In 2020, the total amount of consumer debt in the United States grew to a whopping $800 billion. Individuals in the Silent Generation (age 75 and up) carried an average of around $40,000 in debt while Baby Boomers (age 56 to 74) held an average debt load of more than $96,000.
If you're an older adult with debt, you're certainly not alone. But there are a number of ways you can deal with that debt. Understanding your options is the first step to creating a more stable financial future or meeting your money goals in life. Check out seven options for dealing with debt as a senior below to see if one might be right for you.
The first step to dealing with debt at any age is to understand your situation inside and out. If you don't know how much income you have or how much you're spending, you can end up growing debt or getting back into debt before you know it. Follow the steps below to understand your income and expenses and make a plan for managing your financial resources.
If you don't think you can cut down on expenses, another option is to generate more income. You can use that income to pay down debt faster. Retired adults may need to balance how much they make with thresholds that could impact their benefits or tax burdens, so consider consulting a tax or finance professional before you take this step.
Some options for making more money as a retired adult include:
If you have a mortgage, your home may be one of your biggest monthly expenses. If you don't, you could have a lot of value in the home that could be used to pay down debt or fund living expenses.
Consider selling your home, especially if the market is hot and you can get a good price. You might consider downsizing into an assisted living community such as Hickory Villa in Omaha, where many living expenses are lumped together under a single payment to provide convenience, peace of mind and potential savings.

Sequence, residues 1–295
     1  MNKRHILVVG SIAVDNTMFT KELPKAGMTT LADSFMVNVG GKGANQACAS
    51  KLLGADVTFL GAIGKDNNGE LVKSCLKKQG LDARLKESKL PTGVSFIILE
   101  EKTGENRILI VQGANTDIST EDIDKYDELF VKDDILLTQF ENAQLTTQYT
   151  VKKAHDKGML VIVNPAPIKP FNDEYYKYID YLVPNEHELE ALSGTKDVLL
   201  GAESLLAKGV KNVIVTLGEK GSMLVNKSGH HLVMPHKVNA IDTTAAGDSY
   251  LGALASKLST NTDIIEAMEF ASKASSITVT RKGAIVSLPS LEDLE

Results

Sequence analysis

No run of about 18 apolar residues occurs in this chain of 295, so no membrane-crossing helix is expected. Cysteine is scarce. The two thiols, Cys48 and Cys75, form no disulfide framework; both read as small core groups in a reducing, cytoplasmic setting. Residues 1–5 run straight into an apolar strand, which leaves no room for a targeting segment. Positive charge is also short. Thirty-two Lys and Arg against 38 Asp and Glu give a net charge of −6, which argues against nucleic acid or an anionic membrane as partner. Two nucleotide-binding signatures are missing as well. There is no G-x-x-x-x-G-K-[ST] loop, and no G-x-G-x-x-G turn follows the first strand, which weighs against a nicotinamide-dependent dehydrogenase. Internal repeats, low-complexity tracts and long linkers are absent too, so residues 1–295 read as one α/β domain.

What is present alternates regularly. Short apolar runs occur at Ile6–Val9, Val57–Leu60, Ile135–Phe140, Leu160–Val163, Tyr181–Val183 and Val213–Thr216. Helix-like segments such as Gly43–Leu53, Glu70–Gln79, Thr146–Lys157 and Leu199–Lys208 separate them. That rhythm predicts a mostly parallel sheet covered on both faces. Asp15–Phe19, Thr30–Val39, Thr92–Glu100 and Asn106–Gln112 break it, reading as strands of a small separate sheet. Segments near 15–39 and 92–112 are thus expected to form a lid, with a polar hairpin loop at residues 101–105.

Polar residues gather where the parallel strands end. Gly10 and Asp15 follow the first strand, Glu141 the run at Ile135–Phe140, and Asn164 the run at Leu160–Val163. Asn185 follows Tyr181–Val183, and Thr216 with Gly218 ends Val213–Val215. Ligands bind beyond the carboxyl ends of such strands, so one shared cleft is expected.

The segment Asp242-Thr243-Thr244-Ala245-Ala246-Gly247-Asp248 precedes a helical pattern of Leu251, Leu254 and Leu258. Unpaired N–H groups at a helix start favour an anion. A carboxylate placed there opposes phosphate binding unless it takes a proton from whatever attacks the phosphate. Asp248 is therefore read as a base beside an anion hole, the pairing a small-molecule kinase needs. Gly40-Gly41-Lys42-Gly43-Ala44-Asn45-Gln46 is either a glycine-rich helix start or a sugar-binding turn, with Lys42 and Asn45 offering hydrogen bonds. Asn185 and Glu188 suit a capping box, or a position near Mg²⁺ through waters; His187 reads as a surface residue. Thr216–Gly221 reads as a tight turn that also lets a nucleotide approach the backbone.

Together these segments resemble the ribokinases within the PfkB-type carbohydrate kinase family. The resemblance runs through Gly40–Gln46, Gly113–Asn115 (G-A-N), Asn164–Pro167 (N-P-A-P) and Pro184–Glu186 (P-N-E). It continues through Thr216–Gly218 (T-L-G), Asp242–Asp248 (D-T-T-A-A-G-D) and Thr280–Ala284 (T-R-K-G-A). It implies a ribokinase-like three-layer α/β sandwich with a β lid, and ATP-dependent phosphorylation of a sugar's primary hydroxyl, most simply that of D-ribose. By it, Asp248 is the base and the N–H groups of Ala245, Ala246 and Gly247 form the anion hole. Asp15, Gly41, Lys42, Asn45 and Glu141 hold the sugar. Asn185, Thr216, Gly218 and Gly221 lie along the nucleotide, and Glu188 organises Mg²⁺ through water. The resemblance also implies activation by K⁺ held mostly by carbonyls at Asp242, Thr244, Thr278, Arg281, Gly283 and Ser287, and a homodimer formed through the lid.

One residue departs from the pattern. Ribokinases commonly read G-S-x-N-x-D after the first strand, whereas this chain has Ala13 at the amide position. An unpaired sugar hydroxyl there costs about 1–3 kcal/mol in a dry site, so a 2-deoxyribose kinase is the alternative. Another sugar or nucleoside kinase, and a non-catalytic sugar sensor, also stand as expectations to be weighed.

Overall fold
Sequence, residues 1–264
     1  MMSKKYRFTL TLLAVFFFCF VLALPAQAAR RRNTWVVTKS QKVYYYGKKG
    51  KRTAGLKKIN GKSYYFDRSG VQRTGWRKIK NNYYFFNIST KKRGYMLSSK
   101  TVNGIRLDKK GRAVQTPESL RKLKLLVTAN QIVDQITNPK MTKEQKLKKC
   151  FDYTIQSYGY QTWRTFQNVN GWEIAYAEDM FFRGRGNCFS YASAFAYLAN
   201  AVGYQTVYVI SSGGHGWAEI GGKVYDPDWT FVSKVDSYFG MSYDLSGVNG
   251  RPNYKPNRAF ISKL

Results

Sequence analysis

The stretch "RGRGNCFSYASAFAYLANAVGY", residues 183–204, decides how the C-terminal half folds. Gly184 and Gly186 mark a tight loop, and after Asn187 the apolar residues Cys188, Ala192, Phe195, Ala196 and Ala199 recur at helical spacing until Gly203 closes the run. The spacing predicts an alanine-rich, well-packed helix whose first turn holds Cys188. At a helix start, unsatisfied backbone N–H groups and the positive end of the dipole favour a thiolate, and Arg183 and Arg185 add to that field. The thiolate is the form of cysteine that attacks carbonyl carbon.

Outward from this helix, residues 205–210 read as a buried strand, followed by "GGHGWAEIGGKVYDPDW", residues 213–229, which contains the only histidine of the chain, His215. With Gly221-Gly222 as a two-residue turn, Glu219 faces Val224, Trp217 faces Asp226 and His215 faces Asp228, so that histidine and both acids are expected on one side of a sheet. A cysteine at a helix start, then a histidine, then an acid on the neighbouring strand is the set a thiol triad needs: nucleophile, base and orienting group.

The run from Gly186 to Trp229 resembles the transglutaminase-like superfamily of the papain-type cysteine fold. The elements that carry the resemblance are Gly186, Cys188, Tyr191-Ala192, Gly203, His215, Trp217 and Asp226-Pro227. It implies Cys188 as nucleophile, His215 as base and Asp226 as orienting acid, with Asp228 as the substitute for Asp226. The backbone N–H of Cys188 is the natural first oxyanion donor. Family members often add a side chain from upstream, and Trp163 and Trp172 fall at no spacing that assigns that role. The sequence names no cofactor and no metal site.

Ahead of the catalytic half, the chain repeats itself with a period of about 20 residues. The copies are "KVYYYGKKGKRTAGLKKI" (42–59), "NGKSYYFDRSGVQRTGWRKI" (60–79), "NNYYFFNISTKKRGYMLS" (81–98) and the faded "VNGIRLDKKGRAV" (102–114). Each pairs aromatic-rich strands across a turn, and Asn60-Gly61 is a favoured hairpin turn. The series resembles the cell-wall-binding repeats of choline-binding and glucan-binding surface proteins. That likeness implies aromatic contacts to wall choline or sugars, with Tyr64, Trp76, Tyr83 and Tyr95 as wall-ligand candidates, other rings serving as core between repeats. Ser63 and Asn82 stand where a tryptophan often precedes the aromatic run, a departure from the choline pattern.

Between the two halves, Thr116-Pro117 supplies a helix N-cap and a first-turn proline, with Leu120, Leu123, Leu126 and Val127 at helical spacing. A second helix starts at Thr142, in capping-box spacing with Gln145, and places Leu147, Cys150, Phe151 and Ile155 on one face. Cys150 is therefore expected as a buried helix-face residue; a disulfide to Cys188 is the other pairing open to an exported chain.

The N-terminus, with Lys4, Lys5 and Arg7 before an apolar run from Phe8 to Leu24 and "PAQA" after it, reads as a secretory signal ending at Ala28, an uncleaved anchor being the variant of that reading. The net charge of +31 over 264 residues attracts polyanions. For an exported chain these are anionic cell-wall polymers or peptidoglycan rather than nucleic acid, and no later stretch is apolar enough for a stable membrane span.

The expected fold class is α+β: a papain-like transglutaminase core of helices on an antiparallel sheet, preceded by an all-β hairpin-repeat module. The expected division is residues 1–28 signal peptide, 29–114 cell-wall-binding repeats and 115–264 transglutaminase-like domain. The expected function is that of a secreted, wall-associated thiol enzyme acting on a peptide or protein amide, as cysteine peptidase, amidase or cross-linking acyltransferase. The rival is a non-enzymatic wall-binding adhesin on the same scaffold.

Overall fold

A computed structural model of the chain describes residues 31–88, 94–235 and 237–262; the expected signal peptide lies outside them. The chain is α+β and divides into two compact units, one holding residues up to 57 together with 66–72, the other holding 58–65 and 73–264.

If you're not ready to move out of your house yet but have a good amount of equity in it, you could consider a reverse mortgage. These are loans you take out that pay you a single lump sum or an ongoing sum each month. The money is secured by value in your home, and it doesn't have to be paid back until you sell the home or move out.
Depending on your financial situation, a reverse mortgage could be a way to handle your other debts so you can live in your home without a financial burden.
If you no longer need life insurance because your beneficiaries are all grown and financially set, you might consider cashing out any policies with value to pay off your debts now. That's especially true if you only have the policies to ensure the debts can be paid later.
As with other tips on this list, if you're making any changes to estate plans or other long-term plans, it's a good idea to consult a professional for advice.
In some cases, you might be able to make it easier to pay down debt by reducing your interest rates. If you've worked with a lender for years or decades and are an account-holder in good standing, it doesn't hurt to ask. Simply call the customer service line and ask if you might qualify for a reduction in interest.
If you're dealing with credit card debt and have decent credit, apply for a balance transfer card with a 0% introductory offer. You can transfer higher-interest balances to it and pay it off faster because you won't be paying for interest during the introductory period.
If you're dealing with crippling debt and none of these options will work for you, it might be time to consider bankruptcy. Contact a bankruptcy attorney to find out more about your options.